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International Journal of Microbiology
Volume 2017 (2017), Article ID 8173741, 6 pages
Research Article

Staphylococcus aureus and Escherichia coli in Curd Cheese Sold in the Northeastern Region of South America

1Universidade Federal do Recôncavo da Bahia, Centro de Ciências Agrárias, Ambientais e Biológicas, Rua Rui Barbosa, No. 710, Campus Universitário, 44380-000 Cruz das Almas, BA, Brazil
2Universidade Federal do Recôncavo da Bahia, Centro de Ciências da Saúde, Santo Antônio de Jesus, BA, Brazil

Correspondence should be addressed to Ludmilla Santana Soares Barros

Received 19 June 2017; Accepted 30 August 2017; Published 6 December 2017

Academic Editor: Todd R. Callaway

Copyright © 2017 Tamiles Barreto de Deus et al. This is an open access article distributed under the Creative Commons Attribution License, which permits unrestricted use, distribution, and reproduction in any medium, provided the original work is properly cited.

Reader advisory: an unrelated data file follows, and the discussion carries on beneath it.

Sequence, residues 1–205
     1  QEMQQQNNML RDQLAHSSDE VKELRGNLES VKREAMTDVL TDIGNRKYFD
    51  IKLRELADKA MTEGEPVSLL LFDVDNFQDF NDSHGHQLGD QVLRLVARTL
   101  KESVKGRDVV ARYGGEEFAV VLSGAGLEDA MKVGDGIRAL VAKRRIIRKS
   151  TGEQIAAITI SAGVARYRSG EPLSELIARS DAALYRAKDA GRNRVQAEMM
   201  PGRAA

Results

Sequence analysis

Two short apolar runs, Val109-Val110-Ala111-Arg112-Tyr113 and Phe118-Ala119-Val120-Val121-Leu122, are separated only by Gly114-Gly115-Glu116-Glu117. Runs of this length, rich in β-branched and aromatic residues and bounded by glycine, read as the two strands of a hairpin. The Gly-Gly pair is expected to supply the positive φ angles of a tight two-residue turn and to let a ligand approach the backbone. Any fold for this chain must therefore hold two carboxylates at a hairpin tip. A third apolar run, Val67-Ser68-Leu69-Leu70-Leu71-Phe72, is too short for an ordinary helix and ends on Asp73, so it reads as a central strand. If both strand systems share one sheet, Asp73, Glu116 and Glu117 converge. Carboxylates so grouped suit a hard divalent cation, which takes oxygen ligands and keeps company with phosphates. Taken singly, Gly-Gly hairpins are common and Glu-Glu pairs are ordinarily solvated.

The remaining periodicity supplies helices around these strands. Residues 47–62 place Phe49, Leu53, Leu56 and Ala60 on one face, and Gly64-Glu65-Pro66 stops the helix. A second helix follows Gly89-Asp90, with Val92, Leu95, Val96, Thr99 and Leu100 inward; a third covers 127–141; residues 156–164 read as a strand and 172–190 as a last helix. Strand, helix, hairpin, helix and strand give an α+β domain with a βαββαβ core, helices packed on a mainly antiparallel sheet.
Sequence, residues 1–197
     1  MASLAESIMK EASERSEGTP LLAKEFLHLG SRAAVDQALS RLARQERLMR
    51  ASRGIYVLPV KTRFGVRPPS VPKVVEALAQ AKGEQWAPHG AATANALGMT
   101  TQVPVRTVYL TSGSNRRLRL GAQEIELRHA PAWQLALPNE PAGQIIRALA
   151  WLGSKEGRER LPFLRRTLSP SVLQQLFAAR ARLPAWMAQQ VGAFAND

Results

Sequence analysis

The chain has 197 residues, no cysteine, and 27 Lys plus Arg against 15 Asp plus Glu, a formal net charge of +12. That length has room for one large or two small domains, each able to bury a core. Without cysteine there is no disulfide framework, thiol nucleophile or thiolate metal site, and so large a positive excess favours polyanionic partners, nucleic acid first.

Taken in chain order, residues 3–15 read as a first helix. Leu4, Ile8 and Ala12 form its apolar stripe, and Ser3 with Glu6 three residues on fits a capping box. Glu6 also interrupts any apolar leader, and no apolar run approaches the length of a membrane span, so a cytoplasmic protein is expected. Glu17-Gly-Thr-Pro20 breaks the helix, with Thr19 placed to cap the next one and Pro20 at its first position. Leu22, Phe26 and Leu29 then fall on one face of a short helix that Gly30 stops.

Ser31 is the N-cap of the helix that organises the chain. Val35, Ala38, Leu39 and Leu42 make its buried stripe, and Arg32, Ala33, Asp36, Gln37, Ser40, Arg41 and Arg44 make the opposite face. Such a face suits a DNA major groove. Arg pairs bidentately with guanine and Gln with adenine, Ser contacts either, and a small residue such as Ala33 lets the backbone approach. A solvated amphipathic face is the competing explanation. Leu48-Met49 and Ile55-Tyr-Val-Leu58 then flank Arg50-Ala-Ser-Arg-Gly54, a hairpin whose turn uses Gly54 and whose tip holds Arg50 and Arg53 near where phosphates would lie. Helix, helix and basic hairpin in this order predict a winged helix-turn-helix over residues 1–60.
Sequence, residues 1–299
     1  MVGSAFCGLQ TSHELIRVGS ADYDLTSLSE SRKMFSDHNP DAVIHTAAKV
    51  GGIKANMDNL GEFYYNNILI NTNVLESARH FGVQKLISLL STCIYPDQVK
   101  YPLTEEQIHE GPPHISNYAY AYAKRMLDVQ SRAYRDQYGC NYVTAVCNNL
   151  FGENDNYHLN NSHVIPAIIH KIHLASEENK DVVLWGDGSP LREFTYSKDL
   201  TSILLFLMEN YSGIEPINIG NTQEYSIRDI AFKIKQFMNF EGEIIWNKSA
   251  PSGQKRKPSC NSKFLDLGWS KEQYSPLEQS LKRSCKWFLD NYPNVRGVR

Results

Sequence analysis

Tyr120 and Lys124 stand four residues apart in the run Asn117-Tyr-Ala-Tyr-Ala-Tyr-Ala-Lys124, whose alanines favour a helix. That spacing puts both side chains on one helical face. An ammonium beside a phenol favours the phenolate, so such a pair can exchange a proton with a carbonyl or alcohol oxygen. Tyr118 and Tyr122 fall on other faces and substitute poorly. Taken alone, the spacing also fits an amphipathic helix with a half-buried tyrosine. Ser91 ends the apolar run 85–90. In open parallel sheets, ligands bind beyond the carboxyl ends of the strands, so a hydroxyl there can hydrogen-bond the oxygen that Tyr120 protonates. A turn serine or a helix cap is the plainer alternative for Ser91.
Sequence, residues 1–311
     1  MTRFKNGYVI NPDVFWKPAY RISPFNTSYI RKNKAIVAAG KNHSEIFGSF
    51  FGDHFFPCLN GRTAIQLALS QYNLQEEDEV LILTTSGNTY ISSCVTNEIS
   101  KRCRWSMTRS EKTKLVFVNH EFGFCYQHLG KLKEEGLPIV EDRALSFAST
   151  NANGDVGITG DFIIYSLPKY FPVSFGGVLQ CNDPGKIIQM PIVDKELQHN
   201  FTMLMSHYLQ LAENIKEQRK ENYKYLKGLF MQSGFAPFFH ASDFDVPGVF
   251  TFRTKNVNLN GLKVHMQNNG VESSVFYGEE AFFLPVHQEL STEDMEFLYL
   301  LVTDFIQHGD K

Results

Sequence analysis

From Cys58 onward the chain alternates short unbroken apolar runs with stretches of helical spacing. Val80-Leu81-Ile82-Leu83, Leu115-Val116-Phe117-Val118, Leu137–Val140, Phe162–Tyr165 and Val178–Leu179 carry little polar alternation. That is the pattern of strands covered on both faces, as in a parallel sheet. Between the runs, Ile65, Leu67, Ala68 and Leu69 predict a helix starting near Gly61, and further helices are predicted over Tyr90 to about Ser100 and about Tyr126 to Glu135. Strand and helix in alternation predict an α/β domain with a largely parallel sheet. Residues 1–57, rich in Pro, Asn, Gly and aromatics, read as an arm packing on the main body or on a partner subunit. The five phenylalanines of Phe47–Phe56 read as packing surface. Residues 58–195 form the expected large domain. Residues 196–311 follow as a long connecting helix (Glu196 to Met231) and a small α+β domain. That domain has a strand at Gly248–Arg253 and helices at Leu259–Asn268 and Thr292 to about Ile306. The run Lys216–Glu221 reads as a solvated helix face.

The present study evaluated the microbiological and sanitary quality of curd cheese sold on the beaches of the Itaparica Island, Brazil, and verified whether a correlation exists between the commercialization conditions and the microbiological data. The research was performed between December 2015 and March 2017. Sixty samples of rennet-containing cheese were collected to estimate the populations of mesophylls, psychrotrophic microorganisms, mold and yeast, Staphylococcus aureus, total coliforms, and Escherichia coli. An observational analysis was performed during the collection, using a checklist to verify the sellers’ sanitary conditions and cheese marketing. A high nonconformity index was registered regarding aspects in the checklist. In the microbiological analyses, the number of mesophylls in raw and roasted samples ranged from 7,88 to 14,82 log CFU/mL, and those of psychrotrophs ranged from 2,80 to 3,84 log CFU/mL. Meanwhile, mold and yeast levels in the samples ranged from 8,06 to 5,54 log CFU/mL, S. aureus was detected at levels from 3,24 to 4,94 log CFU/mL, and the total coliform counts ranged from 4,48 to 7,18 log CFU/mL. The number of E. coli specimens ranged from 2,96 to 5,75 log CFU/mL. Microbial insecurity was noted for commercialized curd cheese, and the need for intervention was indicated.